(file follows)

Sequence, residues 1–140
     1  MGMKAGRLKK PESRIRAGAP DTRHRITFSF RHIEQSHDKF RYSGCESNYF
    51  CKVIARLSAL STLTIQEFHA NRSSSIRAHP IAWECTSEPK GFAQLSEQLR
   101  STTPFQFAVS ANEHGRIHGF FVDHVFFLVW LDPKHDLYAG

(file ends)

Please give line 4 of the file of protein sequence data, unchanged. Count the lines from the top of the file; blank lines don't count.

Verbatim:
   101  STTPFQFAVS ANEHGRIHGF FVDHVFFLVW LDPKHDLYAG